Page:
Opening Day Butterflies

The Polo Grounds in Upper Manhattan, original home of the 2010 World Champion San Francisco Giants

Like any Broadway opening night, Opening Day in Major League Baseball is front-loaded with anticipation, exhilaration, hope, anxiety, and the will to show the world (Don’t say anything, cricket fans) that you are the best. Everyone starts in first place.

The San Francisco Giants will feel the most pressure, as they defend the championship of the world (Dash it all, cricket fans! To repeat, don’t say anything all ye who are following World Cup 2011.) for the first time since 1954 and the Polo Grounds.

Front-office pressure of another sort will be felt by a team like the New York Mets, a franchise steeped in a history that begins with the end of the Brooklyn Dodgers and the New York Giants (the very same that are in San Francisco), whose ownership is embroiled in a potential scandal. Whether ownership is innocent or guilty, or perhaps somewhere in the middle if such is possible, it is inextricably implicated in a situation that is bigger than baseball.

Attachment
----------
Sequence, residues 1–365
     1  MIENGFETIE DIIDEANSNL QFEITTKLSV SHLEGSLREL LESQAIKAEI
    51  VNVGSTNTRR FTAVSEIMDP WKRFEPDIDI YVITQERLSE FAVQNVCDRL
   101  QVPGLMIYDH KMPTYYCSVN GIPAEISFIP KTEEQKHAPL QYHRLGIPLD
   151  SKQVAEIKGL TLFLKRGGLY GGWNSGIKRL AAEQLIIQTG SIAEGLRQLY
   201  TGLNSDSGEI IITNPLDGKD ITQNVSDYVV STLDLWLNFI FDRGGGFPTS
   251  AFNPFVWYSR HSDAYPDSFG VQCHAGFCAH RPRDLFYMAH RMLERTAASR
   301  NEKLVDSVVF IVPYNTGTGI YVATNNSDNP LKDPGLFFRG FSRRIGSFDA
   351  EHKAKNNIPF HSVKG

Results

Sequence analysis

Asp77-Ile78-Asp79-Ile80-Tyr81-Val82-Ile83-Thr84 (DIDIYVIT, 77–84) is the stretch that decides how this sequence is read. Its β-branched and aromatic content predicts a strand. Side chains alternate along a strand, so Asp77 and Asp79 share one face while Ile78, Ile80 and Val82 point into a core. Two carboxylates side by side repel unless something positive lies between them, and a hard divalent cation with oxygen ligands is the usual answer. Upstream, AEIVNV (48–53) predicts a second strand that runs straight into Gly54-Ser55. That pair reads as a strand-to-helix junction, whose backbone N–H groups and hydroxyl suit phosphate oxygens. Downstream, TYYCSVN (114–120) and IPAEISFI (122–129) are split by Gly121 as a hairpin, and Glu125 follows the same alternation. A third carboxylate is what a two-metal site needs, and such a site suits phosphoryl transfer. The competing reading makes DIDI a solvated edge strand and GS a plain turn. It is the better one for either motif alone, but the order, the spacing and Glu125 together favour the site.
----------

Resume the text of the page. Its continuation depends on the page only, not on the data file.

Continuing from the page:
For me, Opening Day brings back purer memories of first games attended. Traditionally an afternoon affair, school and then that first job and (unsteady) advancement from there, usually kept me away. Nonetheless, with a heavy case of high-school senioritis, I remember my very first Opening Day, 1971, trying to root for the Mets in what turned into a driving snowstorm. Tom “Terrific” Seaver pitched. The last Opening Day I attended was at Yankee Stadium, 2001, also in horrible weather, mostly a driving rain. It was the spring the Yankees hoisted the Flag having defeated the crosstown Mets in the World Series the previous October 26, with that unforgettable Luis Sojo worm-burner, seventeen-hopper up the middle that basically and dramatically ended that season.

Forty years have passed….Ten years are gone….There are beginnings and endings, a time to be born and a time to die, and to be reborn in death if we could envision it. When the snow this winter was literally so deep one couldn’t find the mailbox, it was difficult to imagine we would once again see the green grass and hear the umpire cry, Play Ball!

Get the thermometer, Mom. I’m coming down with Pennant Fever.


About rightoffthebatbook

Co-author of the book, "Right Off the Bat: Baseball, Cricket, Literature, and Life"
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